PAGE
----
A Look Back: Buffy the Vampire Slayer

 

In each generation a slayer is born. One girl in all the world, the chosen one, with the strength and skill to hunt the vampire.

You’re in the Hellmouth now. Come on down, the water is warm. Wait. What water?

Buffy the Vampire Slayer, cancelled from the WB in 2003, reached t.v. cult status, gathering millions of fans and creating series spin offs, video games and merchandising. Despite airing back when cell phones still had pull out antennas, the show remains smart and funny, with snappy dialogue and good FX. If you have a daughter, make some popcorn and turn on Netflix. The show is full of strong, empowering messages for angst ridden teenagers. Especially female teenagers.

Buffy has it all: she’s gorgeous, in killer shape, and can spot a bad guy and kick his teeth out before you can say, “That library gives me the wiggins.” Buffy the Vampire Slayer is entertaining, but has a feminist message. There are college classes still taught in psychology, sociology and women’s studies that use the series as an academic teaching tool. While getting a PhD in Buffy Studies may not help you find a job, it would definitely school you in the fine art of strong women, who suffer loss and heartbreak, but still manage to save the world.

As if Buffy as a character wasn’t enough, there’s the Scooby Gang. Originally including a librarian as supernatural supervisor and two low-caste high school kids, Willow and Xander, the group was joined over the years by other intriguing characters who excelled in the art of monster-whomping. Willow and Xander suffer through the changes growing up brings, while supporting Buffy in her quest to kill vampires and other assorted demonic bad guys. Over the years the Scooby Gang reminded us that the coolest kids in high school aren’t necessarily the most popular, a lesson every thirteen year old should hear. For adults this show may be a guilty pleasure, fun to watch, but with a redeeming social message. If you named your first born Xander, then you already know what I’m talking about.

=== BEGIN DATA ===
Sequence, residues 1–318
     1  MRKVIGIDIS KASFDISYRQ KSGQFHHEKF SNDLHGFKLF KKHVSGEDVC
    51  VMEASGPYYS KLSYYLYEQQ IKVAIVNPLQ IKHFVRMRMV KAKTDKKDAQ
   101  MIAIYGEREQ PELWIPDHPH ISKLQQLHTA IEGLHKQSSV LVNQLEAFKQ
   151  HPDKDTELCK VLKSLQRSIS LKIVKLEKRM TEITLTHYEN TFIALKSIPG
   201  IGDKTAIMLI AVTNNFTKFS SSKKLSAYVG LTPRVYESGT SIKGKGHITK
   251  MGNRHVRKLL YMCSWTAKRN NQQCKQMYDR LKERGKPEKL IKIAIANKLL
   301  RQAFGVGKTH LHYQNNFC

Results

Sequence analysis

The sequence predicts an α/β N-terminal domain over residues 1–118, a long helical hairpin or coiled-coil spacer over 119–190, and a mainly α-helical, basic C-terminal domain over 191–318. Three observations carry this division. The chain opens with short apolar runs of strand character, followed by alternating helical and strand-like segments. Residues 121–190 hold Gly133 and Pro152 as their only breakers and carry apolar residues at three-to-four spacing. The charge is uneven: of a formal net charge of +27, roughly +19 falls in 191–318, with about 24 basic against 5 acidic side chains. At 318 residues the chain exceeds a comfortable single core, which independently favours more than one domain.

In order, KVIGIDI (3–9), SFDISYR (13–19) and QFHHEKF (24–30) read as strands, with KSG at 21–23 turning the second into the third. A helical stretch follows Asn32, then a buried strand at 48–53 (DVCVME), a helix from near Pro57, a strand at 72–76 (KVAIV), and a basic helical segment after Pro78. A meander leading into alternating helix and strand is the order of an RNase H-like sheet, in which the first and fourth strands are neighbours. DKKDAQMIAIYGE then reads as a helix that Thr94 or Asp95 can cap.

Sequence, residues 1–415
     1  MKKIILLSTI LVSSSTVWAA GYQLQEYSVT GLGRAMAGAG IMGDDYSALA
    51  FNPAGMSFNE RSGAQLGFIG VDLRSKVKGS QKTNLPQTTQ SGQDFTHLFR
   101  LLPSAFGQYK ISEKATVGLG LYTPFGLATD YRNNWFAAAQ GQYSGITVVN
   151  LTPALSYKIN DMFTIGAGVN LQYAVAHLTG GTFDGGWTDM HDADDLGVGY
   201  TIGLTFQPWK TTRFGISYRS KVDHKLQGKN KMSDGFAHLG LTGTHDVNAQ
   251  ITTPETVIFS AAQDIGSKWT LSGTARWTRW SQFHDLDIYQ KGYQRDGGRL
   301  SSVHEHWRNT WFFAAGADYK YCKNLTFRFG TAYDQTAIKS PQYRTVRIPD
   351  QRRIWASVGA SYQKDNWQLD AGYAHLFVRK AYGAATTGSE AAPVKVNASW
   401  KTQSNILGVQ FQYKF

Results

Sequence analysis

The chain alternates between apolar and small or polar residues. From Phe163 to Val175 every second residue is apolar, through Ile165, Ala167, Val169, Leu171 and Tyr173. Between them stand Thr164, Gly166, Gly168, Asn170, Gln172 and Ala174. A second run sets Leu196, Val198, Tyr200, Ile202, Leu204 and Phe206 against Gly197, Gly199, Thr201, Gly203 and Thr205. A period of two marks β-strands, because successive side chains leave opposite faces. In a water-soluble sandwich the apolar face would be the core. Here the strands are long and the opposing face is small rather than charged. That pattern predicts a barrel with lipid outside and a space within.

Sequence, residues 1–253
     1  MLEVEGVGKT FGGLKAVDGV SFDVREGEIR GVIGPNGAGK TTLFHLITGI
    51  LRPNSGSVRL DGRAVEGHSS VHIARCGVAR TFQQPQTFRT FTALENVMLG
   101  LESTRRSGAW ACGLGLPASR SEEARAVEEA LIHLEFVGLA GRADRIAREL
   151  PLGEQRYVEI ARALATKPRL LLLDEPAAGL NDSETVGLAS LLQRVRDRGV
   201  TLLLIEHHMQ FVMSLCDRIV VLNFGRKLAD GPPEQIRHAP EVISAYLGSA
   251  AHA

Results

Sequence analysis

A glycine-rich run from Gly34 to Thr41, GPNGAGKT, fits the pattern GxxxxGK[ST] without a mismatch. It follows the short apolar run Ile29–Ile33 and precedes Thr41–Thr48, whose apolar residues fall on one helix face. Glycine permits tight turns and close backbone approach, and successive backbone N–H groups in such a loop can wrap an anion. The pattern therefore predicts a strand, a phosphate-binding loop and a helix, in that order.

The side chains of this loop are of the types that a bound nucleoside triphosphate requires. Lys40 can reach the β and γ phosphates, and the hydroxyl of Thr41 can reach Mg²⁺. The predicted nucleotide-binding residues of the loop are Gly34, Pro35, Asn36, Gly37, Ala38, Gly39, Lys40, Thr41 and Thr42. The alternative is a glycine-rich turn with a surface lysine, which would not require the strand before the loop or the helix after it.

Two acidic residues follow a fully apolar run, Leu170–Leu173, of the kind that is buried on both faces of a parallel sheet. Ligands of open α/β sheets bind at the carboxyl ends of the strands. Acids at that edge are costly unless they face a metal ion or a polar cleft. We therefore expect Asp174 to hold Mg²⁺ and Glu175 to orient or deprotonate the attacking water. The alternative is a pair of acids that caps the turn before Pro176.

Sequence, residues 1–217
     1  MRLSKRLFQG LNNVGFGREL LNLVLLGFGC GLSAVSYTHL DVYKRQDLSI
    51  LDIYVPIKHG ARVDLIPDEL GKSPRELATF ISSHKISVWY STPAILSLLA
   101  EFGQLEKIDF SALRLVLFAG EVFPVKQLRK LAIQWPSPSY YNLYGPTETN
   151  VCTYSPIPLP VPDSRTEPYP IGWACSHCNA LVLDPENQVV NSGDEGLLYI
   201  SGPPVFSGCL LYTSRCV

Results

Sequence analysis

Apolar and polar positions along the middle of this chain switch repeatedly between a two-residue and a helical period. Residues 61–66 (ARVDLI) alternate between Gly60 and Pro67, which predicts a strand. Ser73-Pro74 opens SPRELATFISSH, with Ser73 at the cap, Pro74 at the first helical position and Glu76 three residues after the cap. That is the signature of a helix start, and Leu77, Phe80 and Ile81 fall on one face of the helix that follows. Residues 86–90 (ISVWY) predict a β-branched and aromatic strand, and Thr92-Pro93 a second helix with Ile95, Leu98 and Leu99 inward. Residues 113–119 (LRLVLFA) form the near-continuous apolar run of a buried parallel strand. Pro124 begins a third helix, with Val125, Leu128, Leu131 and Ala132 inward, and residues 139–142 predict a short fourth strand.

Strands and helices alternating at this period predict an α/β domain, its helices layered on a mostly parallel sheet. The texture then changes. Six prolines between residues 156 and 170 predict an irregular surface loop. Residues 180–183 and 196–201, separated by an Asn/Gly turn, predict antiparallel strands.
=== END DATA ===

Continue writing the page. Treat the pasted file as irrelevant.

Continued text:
This gang of underdogs battled some of the same real-life issues that haunt high school. Over the years we watched them graduate, lose their virginity and get jobs. Just like your life, but with better dialogue. Oh, and blood sucking monsters. The one constant in Buffy is the endless parade of monsters, including vampires. Lots of vampires. While these vampires look appealing at first, they’re inhabited by demons that morph out when stressed, just like teenage acne. What do we do with acne? We kill it. ASAP.

This series always ends on a high note, despite death and loves lost. True to form, the show finally ended with the monsters vanquished and Hellmouth closed. Buffy, so haunted by her supernatural inheritance, is finally free to live a full, battle-free life. The ending messages of the series ring with the power of love and perseverance against hardship. Well played, Buff, well played.